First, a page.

Supercarrier named at Rosyth by Queen

How the HMS Queen Elizabeth will look. Picture: Comp
How the HMS Queen Elizabeth will look. Picture: Comp
Have your say

THE Royal Navy’s biggest-ever ship is being formally named by the Queen today at a ceremony in Rosyth, using whisky instead of the more traditional champagne.

The 65,000-tonne aircraft carrier HMS Queen Elizabeth has been assembled and fitted out at the Fife yard. Parts of the vessel were constructed in six yards around the UK from Glasgow to Birkenhead to Portsmouth before being brought together at Rosyth.

The Queen was accompanied by the Duke of Edinburgh at the naming ceremony.

First Minister Alex Salmond took his Second World War naval veteran father Robert, 92, with him.

The naming of the warship comes five years after the first metal was cut and 33 months after the first section entered the dry dock at Rosyth to begin being put together.

The ship and a second vessel – the under-construction HMS Prince of Wales – are the largest warships ever built for the Royal Navy.

HMS Queen Elizabeth is now structurally complete and ready to be floated out of her dock for the first time this month.

The two ships are both termed Queen Elizabeth Class aircraft carriers and are being built by the Aircraft Carrier Alliance (ACA), a partnership of BAE Systems, Babcock, Thales and the Ministry of Defence.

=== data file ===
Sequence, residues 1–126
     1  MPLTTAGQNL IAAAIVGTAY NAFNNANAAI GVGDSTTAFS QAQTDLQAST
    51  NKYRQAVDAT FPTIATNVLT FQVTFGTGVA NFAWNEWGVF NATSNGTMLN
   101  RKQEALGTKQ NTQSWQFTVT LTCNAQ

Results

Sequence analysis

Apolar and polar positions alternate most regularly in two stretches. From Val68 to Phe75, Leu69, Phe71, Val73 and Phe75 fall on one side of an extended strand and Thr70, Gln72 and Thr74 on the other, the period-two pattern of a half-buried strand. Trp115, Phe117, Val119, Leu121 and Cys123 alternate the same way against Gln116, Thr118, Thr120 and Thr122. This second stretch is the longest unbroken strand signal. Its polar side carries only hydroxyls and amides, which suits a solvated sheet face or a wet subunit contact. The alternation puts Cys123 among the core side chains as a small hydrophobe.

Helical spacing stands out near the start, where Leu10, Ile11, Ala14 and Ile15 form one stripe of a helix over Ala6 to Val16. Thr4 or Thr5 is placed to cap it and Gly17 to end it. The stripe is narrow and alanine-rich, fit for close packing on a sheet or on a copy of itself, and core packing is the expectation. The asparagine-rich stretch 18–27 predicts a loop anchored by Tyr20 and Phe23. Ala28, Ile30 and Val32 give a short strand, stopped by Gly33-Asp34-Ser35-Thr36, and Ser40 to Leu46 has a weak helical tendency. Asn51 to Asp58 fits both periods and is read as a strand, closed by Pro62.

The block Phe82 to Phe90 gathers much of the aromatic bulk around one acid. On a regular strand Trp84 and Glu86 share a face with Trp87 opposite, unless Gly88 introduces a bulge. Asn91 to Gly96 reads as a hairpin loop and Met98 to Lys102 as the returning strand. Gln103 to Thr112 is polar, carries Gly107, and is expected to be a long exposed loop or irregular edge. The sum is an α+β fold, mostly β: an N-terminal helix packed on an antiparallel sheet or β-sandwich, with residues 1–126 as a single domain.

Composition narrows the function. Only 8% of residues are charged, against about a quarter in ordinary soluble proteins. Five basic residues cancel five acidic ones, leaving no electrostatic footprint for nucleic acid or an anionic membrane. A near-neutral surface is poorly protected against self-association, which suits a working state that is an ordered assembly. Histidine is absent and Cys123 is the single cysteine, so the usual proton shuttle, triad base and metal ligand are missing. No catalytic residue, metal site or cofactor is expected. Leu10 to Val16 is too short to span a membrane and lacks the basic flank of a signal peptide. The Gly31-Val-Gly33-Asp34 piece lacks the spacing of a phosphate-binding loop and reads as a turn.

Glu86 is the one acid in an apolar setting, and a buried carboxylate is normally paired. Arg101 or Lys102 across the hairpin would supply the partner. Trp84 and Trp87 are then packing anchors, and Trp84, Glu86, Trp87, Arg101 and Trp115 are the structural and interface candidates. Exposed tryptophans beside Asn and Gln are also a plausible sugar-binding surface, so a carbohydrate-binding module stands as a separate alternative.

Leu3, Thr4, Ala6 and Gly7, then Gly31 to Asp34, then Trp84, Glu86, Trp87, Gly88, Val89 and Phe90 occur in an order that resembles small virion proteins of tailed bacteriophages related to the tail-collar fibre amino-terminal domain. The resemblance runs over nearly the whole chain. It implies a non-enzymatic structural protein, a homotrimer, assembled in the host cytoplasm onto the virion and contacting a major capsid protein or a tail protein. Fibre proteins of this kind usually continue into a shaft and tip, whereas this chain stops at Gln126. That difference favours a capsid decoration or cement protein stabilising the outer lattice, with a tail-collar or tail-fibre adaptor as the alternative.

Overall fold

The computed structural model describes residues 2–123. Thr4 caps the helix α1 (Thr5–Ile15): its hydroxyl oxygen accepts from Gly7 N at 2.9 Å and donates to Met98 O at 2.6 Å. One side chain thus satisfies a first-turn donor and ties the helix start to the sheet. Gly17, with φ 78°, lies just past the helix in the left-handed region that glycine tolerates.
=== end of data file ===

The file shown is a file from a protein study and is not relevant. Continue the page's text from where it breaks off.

Labour leader Ed Miliband, who was also attending the ceremony, said: “Today we celebrate the skills and talents of the men and women who worked on the HMS Queen Elizabeth.

“Shipbuilding has been at the centre of many communities across Scotland for hundreds of years, and today we pay tribute to the workers on the Clyde and at Rosyth who have made this project a reality.

“As part of the United Kingdom, I’m confident that shipbuilding in Scotland will have a positive future and continue to thrive.”

There has only been one previous HMS Queen Elizabeth, launched 100 years ago. The new ship’s name is both the continuation of history and a tribute to the Queen. Those behind the project, which costs an estimated £6.2 billion, say the QE Class will be the centrepiece of Britain’s naval capability.

HMS Queen Elizabeth will have 679 permanent crew and capacity for 1600 crew members when fully operational.

The length of each ship is the equivalent of 28 buses. Each ship will be fitted out with more than three million metres of cable and it will have enough power to light up a small town.